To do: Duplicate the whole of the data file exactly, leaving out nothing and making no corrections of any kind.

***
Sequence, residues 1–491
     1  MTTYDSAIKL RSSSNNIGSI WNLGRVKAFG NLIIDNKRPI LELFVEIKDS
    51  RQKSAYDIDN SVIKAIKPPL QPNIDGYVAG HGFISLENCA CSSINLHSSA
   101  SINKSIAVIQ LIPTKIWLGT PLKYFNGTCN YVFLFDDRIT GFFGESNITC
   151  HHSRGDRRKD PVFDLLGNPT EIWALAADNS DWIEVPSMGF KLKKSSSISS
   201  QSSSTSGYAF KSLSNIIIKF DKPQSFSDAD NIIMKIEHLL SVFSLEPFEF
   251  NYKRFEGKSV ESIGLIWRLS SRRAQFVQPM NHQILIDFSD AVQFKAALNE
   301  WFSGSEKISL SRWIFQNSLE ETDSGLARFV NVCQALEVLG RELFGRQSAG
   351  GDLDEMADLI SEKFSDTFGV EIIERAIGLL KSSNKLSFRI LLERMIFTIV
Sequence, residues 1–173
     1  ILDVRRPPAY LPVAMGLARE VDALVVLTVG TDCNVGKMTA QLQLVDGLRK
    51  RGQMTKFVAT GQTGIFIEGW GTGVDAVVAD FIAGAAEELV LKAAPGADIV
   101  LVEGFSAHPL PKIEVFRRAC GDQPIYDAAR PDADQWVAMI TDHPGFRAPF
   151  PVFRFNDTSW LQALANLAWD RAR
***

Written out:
Sequence, residues 1–491
     1  MTTYDSAIKL RSSSNNIGSI WNLGRVKAFG NLIIDNKRPI LELFVEIKDS
    51  RQKSAYDIDN SVIKAIKPPL QPNIDGYVAG HGFISLENCA CSSINLHSSA
   101  SINKSIAVIQ LIPTKIWLGT PLKYFNGTCN YVFLFDDRIT GFFGESNITC
   151  HHSRGDRRKD PVFDLLGNPT EIWALAADNS DWIEVPSMGF KLKKSSSISS
   201  QSSSTSGYAF KSLSNIIIKF DKPQSFSDAD NIIMKIEHLL SVFSLEPFEF
   251  NYKRFEGKSV ESIGLIWRLS SRRAQFVQPM NHQILIDFSD AVQFKAALNE
   301  WFSGSEKISL SRWIFQNSLE ETDSGLARFV NVCQALEVLG RELFGRQSAG
   351  GDLDEMADLI SEKFSDTFGV EIIERAIGLL KSSNKLSFRI LLERMIFTIV
Sequence, residues 1–173
     1  ILDVRRPPAY LPVAMGLARE VDALVVLTVG TDCNVGKMTA QLQLVDGLRK
    51  RGQMTKFVAT GQTGIFIEGW GTGVDAVVAD FIAGAAEELV LKAAPGADIV
   101  LVEGFSAHPL PKIEVFRRAC GDQPIYDAAR PDADQWVAMI TDHPGFRAPF
   151  PVFRFNDTSW LQALANLAWD RAR